JPMorgan Asset Management has named George Gatch, currently CEO of its mutual funds business, as the new head of investment management services for the U.S. and Canada. He is effectively replacing Eve Guernsey, who is retiring, the firm confirmed Monday.

According to an internal announcement, Gatch will retain his current role with JPMorgan Mutual Funds and assume the additional duties previously held by Guernsey. In an e-mail to sister publication Investment Management Weekly, the firm said Gatch "will now also be responsible for both the U.S. institutional and [Retirement Plan Services] business."

The announcement added that over the next few months, "Eve will work with George as he transitions fully into his expanded role."

In 1977, Guernsey first joined the financial services goliath. Currently, she is responsible for all business, and management facets of the money management arm. With his recent promotion, Gatch, a 24-year veteran, will report directly to Clive Brown, the CEO Investment Management International at JPMorgan, the internal memo said.

"The intention is to increasingly run the [Investment Management] global business utilizing a regional governance model that is overseen, supplemented and supported by an [Investment Management] Operating Committee from a business and oversight perspective and by the asset management investment committee from an investment perspective," the correspondence stated.

Currently, JPMorgan Asset Management has $1.2 trillion in assets under management for it institutional, high-net-worth and retail clients, its website said.


Enforcement Chief Counsel McKown Leaving the SEC

The Securities and Exchange Commission announced Wednesday that Joan McKown, the chief counsel of its division of enforcement, has resigned. McKown, who worked for the SEC for 24 years, will become a partner at Washington law firm Jones Day.

McKown joined the SEC in 1986 as a staff attorney in the office of the general counsel. She moved to the enforcement division in 1987 and served in multiple positions, including branch chief and assistant director, before being named chief counsel in 1993.

As chief counsel, she counseled SEC Commissioners about enforcement policies and practices, spearheaded the implementation of enforcement-related portions of the Sarbanes-Oxley Act of 2002, and was involved in settlement negotiations of hundreds of SEC enforcement cases.

Before joining the SEC, McKown was an attorney at the U.S. Small Business Administration from 1983 to 1986.


SEC CIO's 2nd Career To Become Church Deacon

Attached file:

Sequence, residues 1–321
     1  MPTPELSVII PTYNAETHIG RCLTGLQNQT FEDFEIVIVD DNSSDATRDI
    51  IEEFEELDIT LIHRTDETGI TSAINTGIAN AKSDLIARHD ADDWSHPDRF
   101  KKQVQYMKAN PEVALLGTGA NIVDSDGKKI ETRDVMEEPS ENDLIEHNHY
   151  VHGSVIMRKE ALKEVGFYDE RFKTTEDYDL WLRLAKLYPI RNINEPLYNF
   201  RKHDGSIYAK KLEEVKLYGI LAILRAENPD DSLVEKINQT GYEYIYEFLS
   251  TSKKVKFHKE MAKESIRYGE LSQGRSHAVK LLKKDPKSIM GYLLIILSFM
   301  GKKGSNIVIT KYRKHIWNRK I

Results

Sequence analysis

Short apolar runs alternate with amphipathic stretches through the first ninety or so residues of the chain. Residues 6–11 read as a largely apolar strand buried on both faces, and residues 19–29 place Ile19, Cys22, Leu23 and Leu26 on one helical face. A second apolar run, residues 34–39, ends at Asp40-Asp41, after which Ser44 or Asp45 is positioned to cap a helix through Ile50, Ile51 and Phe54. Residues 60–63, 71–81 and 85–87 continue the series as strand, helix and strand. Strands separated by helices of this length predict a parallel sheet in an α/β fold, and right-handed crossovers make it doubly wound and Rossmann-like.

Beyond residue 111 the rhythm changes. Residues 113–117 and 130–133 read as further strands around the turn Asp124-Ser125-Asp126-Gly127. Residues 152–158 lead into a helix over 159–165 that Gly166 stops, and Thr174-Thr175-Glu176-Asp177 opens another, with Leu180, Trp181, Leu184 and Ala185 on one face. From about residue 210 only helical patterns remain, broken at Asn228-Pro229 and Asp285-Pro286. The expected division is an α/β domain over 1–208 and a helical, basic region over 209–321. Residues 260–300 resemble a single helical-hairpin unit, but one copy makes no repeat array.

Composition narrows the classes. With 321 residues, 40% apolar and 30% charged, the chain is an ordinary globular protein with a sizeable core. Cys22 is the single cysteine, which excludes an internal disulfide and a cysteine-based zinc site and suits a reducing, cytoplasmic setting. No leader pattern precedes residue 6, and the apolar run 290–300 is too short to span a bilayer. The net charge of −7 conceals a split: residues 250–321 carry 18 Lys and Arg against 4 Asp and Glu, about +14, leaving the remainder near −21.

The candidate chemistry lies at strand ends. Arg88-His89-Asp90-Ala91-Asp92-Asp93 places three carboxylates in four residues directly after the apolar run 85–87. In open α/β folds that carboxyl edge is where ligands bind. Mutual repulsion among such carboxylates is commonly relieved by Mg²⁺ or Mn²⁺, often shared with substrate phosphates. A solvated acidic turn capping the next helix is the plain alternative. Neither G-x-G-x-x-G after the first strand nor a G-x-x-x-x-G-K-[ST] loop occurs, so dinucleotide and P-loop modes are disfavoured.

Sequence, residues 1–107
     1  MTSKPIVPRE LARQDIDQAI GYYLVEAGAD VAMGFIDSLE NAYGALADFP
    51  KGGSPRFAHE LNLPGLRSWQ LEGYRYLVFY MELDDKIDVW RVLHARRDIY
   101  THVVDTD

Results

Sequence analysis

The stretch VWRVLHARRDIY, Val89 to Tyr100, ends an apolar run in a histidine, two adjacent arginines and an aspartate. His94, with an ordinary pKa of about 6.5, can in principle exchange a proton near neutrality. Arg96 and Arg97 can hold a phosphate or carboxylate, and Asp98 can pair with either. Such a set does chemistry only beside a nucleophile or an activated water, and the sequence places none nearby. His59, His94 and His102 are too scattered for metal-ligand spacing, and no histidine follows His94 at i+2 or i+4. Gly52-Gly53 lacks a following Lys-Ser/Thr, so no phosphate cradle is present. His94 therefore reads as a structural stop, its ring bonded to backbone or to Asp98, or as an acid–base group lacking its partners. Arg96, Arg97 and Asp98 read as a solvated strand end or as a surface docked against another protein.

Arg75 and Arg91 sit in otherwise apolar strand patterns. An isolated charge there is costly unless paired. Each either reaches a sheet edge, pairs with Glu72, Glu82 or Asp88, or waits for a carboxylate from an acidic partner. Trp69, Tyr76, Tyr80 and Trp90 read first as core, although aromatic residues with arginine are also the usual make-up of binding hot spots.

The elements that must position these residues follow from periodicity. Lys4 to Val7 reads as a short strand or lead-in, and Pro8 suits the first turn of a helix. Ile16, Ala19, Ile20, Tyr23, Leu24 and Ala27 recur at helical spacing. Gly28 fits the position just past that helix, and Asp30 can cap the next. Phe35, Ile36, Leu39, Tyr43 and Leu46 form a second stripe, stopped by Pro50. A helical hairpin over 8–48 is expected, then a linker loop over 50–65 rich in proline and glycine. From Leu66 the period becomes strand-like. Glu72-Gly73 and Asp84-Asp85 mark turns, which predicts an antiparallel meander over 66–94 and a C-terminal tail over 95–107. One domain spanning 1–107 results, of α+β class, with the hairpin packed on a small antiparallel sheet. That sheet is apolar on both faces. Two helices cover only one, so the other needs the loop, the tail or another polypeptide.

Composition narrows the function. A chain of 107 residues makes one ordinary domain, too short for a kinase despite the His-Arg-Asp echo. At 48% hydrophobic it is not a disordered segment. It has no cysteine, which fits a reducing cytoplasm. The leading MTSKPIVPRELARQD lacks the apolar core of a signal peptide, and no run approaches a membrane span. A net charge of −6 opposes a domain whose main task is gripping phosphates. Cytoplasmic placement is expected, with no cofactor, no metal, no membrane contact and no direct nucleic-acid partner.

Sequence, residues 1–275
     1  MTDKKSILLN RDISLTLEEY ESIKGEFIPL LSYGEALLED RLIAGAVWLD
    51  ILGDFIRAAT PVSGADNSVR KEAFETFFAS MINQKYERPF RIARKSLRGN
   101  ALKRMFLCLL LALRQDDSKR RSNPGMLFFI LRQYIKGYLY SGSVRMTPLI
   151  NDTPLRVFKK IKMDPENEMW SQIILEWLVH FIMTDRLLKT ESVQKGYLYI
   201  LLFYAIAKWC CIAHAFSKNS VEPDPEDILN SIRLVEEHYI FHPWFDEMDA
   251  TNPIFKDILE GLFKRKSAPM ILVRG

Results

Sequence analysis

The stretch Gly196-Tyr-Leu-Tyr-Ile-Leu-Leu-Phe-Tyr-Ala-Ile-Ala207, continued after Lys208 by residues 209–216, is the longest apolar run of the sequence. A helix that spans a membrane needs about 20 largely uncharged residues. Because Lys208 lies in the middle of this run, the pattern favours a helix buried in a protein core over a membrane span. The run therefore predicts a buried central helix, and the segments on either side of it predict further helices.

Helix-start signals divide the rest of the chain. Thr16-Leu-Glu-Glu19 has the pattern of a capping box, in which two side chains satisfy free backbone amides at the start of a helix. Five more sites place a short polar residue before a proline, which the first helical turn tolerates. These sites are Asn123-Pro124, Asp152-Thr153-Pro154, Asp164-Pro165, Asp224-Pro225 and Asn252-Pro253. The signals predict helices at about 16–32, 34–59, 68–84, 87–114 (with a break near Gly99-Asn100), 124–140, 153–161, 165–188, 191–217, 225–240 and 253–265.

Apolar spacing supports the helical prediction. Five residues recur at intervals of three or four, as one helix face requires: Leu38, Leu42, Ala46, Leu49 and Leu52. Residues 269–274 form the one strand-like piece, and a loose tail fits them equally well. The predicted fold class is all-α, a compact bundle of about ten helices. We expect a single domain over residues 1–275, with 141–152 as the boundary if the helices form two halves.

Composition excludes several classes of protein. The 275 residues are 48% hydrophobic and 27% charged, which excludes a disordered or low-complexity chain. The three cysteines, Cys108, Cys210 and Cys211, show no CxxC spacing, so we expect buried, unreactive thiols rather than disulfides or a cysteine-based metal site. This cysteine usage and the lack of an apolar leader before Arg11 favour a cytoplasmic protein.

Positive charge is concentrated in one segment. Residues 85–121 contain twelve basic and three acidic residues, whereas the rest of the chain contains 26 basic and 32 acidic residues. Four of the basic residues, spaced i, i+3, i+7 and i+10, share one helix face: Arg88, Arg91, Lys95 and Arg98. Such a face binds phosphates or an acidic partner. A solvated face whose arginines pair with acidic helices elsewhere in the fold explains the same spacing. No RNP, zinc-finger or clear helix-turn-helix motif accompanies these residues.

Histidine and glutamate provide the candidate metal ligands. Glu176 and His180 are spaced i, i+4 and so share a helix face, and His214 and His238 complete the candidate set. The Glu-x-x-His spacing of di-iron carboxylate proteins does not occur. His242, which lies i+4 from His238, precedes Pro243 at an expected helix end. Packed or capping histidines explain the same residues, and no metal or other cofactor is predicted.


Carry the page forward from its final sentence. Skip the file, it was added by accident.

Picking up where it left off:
Charles Boucher is leaving his post as chief information officer of the Securities and Exchange Commission, after only 19 months.

Boucher intends to pursue not-for-profit work and complete studies to be ordained as a deacon in church, the SEC said, in a statement. The decision to leave was Boucher's, the statement said.

The SEC did not immediately indicate what the selection process or timing for finding a successor will be. Boucher's last day on the job is Friday, July 16.

Boucher had served as CIO since December 2008, managing all of the SEC's information technology programs and systems including application development, infrastructure operations, enterprise architecture, security, and user support.

He served as CIO as the credit crisis gained steam-as did the Ponzi-schemed scandal involving Bernard Madoff, now jailed. Boucher in March said that the Office of Information Technology's most important initiative following the financial crisis and Madoff scandal woud be how it handles complaints coming into the agency.

"We get thousands of tips and complaints," he told Securities Technology Monitor (formerly Securities Industry News). "In the past, sharing [of these at the SEC] was not as organized as it could have been."

"Charlie has played an important role in building a platform to implement our new system for reviewing complaints, tips and investigative leads provided by whistleblowers or other sources," said SEC Chairman Mary L. Schapiro.

Boucher also made converting financial statements into "interactive data'' through the use of the eXtensible Business Reporting Language a priority.

The agency is working to "get information to be a lot more structured. Part of EDGAR is to simplify forms and schedules that people file with us,'" he said.

Boucher and his staff in the Office of Information Technology work with the agency's divisions and offices to incorporate technology into all SEC programs to serve investors, maintain orderly markets, and promote capital formation. OIT operates the EDGAR system, which provides investors with access to millions of public company financial statements and other corporate filings. Before coming to the SEC, Boucher was an executive director at Morgan Stanley, and prior to that served as senior vice president and chief information officer of Standard & Poor's.


Kordes Exits UBS

Mark H. Kordes, who had led wealth planning services in the U.S. for UBS, left the firm last week, company officials confirmed Tuesday. Kordes had worked for the Zurich-based bank for six years, before Bob McCann, the current chief executive officer of UBS Wealth Management, joined last October.Kordes had raised his profile in the industry, and recently became chairman of the Certified Financial Planner Board of Standards' council on education. Previously, Kordes was a financial advisor at Merrill Lynch, and at Dallas-based 1st Global Capital Corp.



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